When will they ever learn?

When will they ever learn?

June 3, 2016

The Victoria Police mental health review-summary report was released on 31 May 2016. This review referred to the negative views of mental health issues in the Victoria Police and made 39 recommendations including a prevalence study to gain accurate data on the organisational mental health and suicide risk profile with the possibility of other jurisdictions also becoming involved; developing an organisationwide comprehensive mental health literacy program involving mandatory participation by all employees and leaders; augment the existing police psychology unit and identify progress in reducing mental health stigma and develop a program to focus on expected behaviours and manage inappropriate behaviours. (full report)


These appear sensible recommendations. One of the advantages of long-term involvement in this field is that I am aware of previous similar reviews that made sensible recommendations including the development of the police psychology unit.

However the inescapable fact remains that Police work is inherently unpleasant. Police are required to repetitively deal with unpleasant people, unpleasant situations and are sometimes in fear for their life. There is no other job where there is a realistic prospect that a person may not return home from work because they have been killed.


Policing takes place in an organisation that is hierarchically based, performance focused and where people with mental health issues are not able to undertake full operational duties and frequently there is no adequate work available for them and there is always a stigma about mental health issues.

I remember speaking to a federal Minister for Health some years ago about the stigma of mental illness. He rubbished that notion and I said to him “How would you feel if your colleagues saw you coming out of a psychiatrist’s office?” He had the grace to admit that he would be embarrassed.

All of us who see police officers have heard of place breaking down having seen one to many fatalities or other such similar distressing experiences. This is particularly a problem for those who work in the sexual offences unit and those who do road patrol work. Most of the recommendations deal with the aftermath of the development of mental health issues. Particular emphasis is placed on the Sexual Offences and Child Abuse Investigation Teams with recommendations that they be allocated police psychology unit support to provide mental health screening, They should have opt out provisions either on a temporary or permanent basis and a supervision model.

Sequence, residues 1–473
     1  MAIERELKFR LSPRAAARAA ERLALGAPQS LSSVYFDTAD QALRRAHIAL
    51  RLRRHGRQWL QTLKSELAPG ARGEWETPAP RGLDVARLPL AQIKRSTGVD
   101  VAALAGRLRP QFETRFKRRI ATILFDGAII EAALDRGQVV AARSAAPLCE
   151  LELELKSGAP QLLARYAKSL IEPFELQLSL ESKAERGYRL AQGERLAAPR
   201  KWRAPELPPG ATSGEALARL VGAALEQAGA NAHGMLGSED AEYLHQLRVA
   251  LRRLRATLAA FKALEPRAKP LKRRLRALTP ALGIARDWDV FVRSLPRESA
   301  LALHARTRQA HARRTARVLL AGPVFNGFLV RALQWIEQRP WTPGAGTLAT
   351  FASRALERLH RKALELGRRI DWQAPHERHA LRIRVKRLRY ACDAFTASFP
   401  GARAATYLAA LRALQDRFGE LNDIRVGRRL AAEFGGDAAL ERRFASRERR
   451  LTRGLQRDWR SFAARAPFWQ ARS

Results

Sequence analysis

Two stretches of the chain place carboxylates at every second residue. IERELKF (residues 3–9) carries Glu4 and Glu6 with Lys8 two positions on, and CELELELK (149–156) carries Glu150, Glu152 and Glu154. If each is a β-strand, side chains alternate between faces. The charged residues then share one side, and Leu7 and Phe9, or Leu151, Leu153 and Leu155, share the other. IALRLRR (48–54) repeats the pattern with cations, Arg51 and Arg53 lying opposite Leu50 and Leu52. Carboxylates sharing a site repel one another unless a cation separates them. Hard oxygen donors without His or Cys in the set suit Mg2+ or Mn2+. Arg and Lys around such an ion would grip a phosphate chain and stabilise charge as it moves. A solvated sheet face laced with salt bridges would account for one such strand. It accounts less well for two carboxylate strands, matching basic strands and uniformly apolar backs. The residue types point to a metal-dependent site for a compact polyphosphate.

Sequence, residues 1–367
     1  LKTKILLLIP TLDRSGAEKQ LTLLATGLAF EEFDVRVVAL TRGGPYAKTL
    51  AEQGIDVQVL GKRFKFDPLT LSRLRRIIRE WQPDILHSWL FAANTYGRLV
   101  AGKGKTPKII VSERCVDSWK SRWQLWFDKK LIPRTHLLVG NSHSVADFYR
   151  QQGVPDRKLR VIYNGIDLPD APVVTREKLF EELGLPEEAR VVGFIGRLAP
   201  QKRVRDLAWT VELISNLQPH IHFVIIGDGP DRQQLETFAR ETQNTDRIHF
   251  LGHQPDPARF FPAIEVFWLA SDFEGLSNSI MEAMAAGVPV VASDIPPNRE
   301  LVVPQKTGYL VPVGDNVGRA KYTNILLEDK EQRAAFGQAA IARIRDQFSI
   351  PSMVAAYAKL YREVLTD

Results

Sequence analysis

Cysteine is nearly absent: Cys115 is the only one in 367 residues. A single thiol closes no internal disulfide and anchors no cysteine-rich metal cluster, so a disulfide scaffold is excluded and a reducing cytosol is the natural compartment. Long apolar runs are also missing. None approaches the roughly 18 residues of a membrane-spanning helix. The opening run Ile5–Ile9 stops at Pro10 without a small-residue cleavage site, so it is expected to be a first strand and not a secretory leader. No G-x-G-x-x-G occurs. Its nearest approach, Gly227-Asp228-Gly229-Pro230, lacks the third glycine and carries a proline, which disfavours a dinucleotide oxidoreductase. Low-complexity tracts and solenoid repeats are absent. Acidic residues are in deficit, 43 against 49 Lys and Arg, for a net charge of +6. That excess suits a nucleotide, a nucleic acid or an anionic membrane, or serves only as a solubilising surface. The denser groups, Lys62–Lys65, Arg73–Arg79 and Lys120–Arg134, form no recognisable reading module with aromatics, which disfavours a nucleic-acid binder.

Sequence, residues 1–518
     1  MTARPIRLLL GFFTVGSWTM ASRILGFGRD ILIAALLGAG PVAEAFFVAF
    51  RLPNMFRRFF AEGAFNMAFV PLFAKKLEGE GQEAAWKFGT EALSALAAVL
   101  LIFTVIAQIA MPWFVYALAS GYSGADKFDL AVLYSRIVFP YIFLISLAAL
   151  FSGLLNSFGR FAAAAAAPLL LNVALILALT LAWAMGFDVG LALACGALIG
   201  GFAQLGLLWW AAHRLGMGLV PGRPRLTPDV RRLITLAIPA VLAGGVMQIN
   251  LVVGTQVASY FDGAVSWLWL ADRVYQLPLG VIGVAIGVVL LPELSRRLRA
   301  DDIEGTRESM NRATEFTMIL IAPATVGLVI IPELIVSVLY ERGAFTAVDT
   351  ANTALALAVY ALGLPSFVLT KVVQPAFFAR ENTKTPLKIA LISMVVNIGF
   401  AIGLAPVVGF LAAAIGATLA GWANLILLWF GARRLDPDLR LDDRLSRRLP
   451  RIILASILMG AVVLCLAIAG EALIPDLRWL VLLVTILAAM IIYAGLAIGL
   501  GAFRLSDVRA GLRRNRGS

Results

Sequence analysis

it is very well to talk about changing the culture, implementing leadership programs, education sessions and so forth but, in practice, how does that work when people are exposed to repetitive trauma?

Maybe we need to think of the United States Air Force flight surgeon model. The flight surgeon has the power to stop someone flying. We also need to think about what do we do to provide for people with mental illness to return to the workforce. We know that going back to work as soon as possible is best for people with work injuries but not if they are going back into the same work situation that caused the injury.



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